JALALABAD -- Insurgents loyal to the "Islamic State of Iraq and Syria" (ISIS) terrorist group are surrendering continually to authorities in Nangarhar Province after Afghan forces conducted a series of operations against the group with support from local civilians.
Local officials presented 15 ISIS militants to the media Sunday (November 18). They had been active in Nazian District and had waged war against the government for the past few years.
"Fifteen ISIS fighters joined the peace process and handed over their weapons and ordnance to the Afghan forces after they came under pressure or grasped reality," Ataullah Khogyani, a spokesman for the Nangarhar provincial governor, told reporters at the National Directorate of Security (NDS) facility in Jalalabad.
"They will live as ordinary Afghans after this and will not feel any kind of fear or problems," he said.
"A few days ago, nine foreign Daesh fighters also joined the peace process, but we cannot show them to the press right now as we want to transfer these foreign fighters to the NDS headquarters [in Kabul] to determine their fate," Khogyani said, using another name for ISIS.
Authorities will decide whether to show these surrendered foreign fighters to the press in Kabul or in Nangarhar, he added.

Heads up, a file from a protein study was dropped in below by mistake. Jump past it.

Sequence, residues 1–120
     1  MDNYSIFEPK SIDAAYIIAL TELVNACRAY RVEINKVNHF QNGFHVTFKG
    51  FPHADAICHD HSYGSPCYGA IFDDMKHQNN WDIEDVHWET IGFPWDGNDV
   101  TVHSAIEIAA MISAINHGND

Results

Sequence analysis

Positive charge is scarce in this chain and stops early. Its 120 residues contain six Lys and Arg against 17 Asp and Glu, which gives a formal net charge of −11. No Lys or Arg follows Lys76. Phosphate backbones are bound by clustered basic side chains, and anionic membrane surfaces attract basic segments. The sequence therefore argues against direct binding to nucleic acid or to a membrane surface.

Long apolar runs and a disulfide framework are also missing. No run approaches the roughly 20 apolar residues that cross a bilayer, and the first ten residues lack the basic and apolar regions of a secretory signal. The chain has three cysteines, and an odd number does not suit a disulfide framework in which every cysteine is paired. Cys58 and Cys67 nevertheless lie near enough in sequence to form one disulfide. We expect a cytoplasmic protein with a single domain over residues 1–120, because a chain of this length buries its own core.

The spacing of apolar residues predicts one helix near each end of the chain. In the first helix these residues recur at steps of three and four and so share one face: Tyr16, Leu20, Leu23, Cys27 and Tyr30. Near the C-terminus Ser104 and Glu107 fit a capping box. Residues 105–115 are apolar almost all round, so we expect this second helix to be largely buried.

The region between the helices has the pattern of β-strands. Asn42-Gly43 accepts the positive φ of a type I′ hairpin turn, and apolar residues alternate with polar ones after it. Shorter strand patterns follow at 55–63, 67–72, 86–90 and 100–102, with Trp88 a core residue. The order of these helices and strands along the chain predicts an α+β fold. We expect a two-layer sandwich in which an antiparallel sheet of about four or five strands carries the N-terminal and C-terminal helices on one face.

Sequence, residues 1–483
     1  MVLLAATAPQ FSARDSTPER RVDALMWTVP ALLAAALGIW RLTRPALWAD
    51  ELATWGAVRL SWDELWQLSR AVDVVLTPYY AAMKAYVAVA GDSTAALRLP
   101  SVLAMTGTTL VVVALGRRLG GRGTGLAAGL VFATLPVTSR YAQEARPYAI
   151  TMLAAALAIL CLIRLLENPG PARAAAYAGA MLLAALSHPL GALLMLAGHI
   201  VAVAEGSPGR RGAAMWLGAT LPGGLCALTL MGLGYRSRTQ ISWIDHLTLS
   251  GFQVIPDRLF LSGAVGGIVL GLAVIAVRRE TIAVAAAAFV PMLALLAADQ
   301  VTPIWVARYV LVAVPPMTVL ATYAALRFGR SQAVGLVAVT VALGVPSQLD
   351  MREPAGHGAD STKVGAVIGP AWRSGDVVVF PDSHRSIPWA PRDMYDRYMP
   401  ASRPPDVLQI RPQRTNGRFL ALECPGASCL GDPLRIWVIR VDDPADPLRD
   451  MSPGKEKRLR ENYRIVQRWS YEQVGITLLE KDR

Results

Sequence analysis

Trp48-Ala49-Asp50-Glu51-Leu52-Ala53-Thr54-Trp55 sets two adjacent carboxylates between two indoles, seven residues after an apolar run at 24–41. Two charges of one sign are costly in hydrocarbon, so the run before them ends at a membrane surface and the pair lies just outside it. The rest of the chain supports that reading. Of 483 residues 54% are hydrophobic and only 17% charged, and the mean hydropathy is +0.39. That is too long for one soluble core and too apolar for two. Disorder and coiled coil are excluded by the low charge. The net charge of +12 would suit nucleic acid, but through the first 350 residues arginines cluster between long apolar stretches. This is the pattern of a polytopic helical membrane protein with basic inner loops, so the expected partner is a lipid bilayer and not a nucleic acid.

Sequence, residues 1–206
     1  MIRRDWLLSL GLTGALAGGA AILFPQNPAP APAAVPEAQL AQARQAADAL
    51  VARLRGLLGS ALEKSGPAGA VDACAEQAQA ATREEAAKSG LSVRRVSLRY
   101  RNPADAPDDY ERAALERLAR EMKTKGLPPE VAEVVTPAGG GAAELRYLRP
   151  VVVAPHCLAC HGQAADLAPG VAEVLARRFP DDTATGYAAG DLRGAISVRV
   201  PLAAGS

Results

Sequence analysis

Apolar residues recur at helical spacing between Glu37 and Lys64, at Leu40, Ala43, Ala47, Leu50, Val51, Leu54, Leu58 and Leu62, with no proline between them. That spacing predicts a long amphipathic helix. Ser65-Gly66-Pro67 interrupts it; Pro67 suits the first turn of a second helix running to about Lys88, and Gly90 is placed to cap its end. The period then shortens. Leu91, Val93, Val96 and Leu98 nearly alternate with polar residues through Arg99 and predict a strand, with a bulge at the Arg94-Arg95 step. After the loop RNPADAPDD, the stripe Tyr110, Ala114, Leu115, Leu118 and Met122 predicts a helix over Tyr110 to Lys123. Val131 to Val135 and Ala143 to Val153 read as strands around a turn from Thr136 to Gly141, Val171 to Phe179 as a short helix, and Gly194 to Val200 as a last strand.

'Released from a prison'
The surrendered ISIS fighters liken joining the peace process to being released from prison.
Herat Khan, 55, a former ISIS commander in Nangarhar, said he began fighting for the Taliban and then fought with ISIS for over two years.
"When they unleashed their harsh cruelties on the public, that disheartened me and I left," said Khan, who is originally from Nazian District.
"I feel as if I have been released from a prison," he told Salaam Times. "I was in the mountains and disconnected from the world for years. Now I want to live an ordinary life, find a job and live happily with my children."
"We thought this was an Islamic caliphate, but we later realised that they were all foreigners and it was a different game," said Bang Gul, 35, another member of the group who joined the peace process.
"They used to kill our elderly and slaughter our children," he told Salaam Times. "We saw everything with our own eyes, but we could not tell them anything because if we did, they would kill us too. This kept us silent."
"In the end, we could not tolerate it any further and had to come and join the peace process to live our lives," he added.
"The Almighty Allah says that there is a blessing in peace," religious scholar Mawlawi Habibullah Jalalabadi told the former militants.
"If you or your friends continue to fight, you cannot win. You will have to make peace after all," he said while addressing the reconciled militants. "So, you have to work harder to encourage other fighters to join the peace process."
In the past five months, up to 215 ISIS and Taliban fighters have renounced violence and joined the peace process in Nangarhar, according to local NDS officials in the province.
On Monday (November 19), local officials presented another group of 11 ISIS fighters to the media at the provincial NDS compound in Jalalabad.
The militants were arrested during various operations over the past week and included two would-be suicide bombers, local officials told reporters.